Spend time learning about the investor ahead of the meeting so that you can make a personal connection. I appreciate when a founder starts the meeting by referencing something about me personally. It's a basic human need to be acknowledged and it works in fundraising too. Experts also agree that using empathy is the best way to get a win-win outcome—and improves the relationship between the participants. To do this, focus on the interests of both parties—the things you are each trying to change or create. What does the investor stand to gain from funding your company? A big payoff, maybe. But what about the factors beyond the specifics of your business plan? Are you bringing them exposure to a new demographic? A new geographic area? Are there other investors already on board that this investor wants to do business with?
When they go low, stay high.
The sad reality is, there are [insert negative word] investors. When the person on the other side of the table isn't playing nice, your first instinct may be to mirror that behavior. Don't. Instead of becoming defensive, ask yourself: Is this someone I want on my team anyway? Yes, fundraising is about products and money and financial returns, but there is also a human factor—you're letting people into your world that you are hopefully going to be in a long-term relationship with. A big part of being successful at fundraising is partnering with people that have the same values and goals as you. Do your due diligence on the investor—check with past founders. You're giving up ownership and control in your company, and you want to make sure that your investors' goals, values, reputation and track record match up with your own. Do they have a good track record in my industry? Do they have a great reputation for the way they treat founders and partners? Ask yourself how you feel after meeting with the investor? Is this someone you will feel comfortable asking for advice? Never compromise your values for a check.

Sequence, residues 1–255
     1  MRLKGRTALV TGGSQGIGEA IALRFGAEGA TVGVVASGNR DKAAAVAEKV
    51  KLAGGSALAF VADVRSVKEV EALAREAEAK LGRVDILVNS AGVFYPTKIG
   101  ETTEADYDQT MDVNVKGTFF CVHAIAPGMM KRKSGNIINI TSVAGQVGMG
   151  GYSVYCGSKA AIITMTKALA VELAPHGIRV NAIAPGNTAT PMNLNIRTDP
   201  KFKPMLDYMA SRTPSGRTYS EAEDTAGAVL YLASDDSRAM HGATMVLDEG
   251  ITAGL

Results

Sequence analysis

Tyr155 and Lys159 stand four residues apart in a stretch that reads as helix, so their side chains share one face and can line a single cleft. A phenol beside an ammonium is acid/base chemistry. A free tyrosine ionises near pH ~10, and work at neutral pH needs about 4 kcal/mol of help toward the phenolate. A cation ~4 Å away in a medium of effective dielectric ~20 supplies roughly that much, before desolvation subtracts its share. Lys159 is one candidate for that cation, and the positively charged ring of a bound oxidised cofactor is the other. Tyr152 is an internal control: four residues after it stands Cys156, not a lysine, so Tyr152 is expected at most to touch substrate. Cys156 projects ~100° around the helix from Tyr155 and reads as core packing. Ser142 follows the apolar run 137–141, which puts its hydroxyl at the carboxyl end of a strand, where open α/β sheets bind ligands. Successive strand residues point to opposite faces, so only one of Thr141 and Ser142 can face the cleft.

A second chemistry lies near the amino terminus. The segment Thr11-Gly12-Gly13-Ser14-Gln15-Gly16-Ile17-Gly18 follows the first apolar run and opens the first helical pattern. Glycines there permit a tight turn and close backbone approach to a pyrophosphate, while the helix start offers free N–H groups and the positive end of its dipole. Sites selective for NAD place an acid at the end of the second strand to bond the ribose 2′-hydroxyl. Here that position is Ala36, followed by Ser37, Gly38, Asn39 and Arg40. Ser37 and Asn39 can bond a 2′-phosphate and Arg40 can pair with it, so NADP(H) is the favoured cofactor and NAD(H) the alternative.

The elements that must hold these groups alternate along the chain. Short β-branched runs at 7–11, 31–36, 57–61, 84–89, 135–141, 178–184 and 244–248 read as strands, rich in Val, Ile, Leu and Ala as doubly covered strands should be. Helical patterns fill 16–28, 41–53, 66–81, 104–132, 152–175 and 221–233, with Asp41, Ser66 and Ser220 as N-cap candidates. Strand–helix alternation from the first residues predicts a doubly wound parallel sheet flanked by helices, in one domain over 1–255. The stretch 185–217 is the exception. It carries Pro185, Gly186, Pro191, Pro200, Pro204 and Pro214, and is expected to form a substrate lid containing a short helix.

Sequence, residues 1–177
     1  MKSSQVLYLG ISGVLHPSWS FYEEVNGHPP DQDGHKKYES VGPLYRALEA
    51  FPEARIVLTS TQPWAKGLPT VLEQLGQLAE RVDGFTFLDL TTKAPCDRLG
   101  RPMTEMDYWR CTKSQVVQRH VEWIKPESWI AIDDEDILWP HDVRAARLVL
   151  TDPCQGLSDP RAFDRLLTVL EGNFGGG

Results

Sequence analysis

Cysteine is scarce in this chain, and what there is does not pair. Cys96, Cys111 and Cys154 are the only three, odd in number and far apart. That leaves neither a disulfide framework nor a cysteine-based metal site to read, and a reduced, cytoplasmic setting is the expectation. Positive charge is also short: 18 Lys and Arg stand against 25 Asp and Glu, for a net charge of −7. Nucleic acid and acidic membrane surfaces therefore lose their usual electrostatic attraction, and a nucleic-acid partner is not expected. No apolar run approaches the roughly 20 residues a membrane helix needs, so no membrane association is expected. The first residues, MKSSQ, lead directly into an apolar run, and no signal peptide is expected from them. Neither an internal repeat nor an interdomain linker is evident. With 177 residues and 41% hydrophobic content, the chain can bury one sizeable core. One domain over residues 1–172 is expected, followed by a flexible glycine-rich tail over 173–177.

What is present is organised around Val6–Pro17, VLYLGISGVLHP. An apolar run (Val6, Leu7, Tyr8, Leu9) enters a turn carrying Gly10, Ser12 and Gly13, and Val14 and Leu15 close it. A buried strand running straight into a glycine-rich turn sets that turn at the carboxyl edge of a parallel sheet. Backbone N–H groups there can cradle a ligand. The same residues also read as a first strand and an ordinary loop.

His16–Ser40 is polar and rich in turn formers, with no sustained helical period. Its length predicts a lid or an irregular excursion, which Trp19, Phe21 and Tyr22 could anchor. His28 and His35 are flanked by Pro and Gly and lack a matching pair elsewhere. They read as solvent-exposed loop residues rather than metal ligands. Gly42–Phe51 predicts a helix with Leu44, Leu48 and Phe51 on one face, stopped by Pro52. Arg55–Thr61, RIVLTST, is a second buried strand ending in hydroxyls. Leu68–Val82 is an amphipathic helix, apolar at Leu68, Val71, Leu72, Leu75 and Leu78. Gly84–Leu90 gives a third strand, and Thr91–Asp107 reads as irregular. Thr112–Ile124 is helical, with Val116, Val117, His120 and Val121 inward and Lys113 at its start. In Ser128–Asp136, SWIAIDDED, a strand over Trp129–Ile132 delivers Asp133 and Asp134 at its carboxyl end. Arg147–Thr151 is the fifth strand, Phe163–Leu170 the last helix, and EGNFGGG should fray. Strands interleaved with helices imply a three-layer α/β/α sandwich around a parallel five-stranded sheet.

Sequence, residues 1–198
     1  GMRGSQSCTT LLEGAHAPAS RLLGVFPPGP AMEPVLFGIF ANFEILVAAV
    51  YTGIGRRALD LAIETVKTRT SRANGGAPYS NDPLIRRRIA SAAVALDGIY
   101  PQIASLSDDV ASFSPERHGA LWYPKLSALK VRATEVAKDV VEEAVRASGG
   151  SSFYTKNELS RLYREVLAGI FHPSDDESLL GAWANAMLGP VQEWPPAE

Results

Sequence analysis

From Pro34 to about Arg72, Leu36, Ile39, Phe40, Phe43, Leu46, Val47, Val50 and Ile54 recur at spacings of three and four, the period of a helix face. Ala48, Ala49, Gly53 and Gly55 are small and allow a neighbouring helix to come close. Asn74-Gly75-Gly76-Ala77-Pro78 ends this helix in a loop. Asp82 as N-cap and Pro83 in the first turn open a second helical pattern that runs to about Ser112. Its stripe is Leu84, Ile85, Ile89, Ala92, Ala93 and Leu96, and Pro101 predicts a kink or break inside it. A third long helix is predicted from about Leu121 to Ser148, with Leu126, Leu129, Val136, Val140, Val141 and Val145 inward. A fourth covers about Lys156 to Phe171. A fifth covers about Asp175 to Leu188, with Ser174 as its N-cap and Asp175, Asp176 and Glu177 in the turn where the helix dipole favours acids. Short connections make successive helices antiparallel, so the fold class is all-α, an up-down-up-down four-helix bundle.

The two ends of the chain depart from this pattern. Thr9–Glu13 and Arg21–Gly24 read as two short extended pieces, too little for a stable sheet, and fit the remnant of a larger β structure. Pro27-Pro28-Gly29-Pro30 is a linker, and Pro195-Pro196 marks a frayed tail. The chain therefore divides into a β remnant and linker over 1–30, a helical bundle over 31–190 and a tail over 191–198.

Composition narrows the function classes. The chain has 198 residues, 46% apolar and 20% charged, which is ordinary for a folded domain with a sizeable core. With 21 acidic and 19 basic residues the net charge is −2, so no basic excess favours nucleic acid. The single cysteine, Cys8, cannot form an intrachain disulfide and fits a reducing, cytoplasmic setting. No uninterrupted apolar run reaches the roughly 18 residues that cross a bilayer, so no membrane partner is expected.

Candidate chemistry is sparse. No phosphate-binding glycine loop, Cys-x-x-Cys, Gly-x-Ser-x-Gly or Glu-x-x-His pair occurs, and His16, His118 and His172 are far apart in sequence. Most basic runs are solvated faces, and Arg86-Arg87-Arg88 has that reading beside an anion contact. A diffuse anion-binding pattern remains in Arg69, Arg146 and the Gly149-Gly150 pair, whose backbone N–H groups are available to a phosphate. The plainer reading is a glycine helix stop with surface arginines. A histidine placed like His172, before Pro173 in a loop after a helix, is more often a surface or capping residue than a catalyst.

3 Min Read
With a lack of certainty surrounding the future, being and feeling healthy may help bring the security that you need during these unpredictable times.
When it comes to your health, there is a direct relationship between nutrition and physical activity that play an enormous part in physical, mental, and social well-being. As COVID-19 continues to impact almost every aspect of our lives, the uncertainty of the future may seem looming. Sometimes improvisation is necessary, and understanding how to stay healthy and fit can significantly help you manage your well-being during these times.
Tip 1: Communicate with your current wellness providers and set a plan
Gyms, group fitness studios, trainers, and professionals can help you to lay out a plan that will either keep you on track through all of the changes and restrictions or help you to get back on the ball so that all of your health objectives are met.
Most facilities and providers are setting plans to provide for their clients and customers to accommodate the unpredictable future. The key to remaining consistent is to have solid plans in place. This means setting a plan A, plan B, and perhaps even a plan C. An enormous amount is on the table for this coming fall and winter; if your gym closes again, what is your plan? If outdoor exercising is not an option due to the weather, what is your plan? Leaving things to chance will significantly increase your chances of falling off of your regimen and will make consistency a big problem.
The key to remaining consistent is to have solid plans in place. This means setting a plan A, plan B, and perhaps even a plan C.
Tip 2: Stay active for both mental and physical health benefits
The rise of stress and anxiety as a result of the uncertainty around COVID-19 has affected everyone in some way. Staying active by exercising helps alleviate stress by releasing chemicals like serotonin and endorphins in your brain. In turn, these released chemicals can help improve your mood and even reduce risk of depression and cognitive decline. Additionally, physical activity can help boost your immune system and provide long term health benefits.
With the new work-from-home norm, it can be easy to bypass how much time you are spending sedentary. Be aware of your sitting time and balance it with activity. Struggling to find ways to stay active? Start simple with activities like going for a walk outside, doing a few reps in exchange for extra Netflix time, or even setting an alarm to move during your workday.
Tip 3: Start slow and strong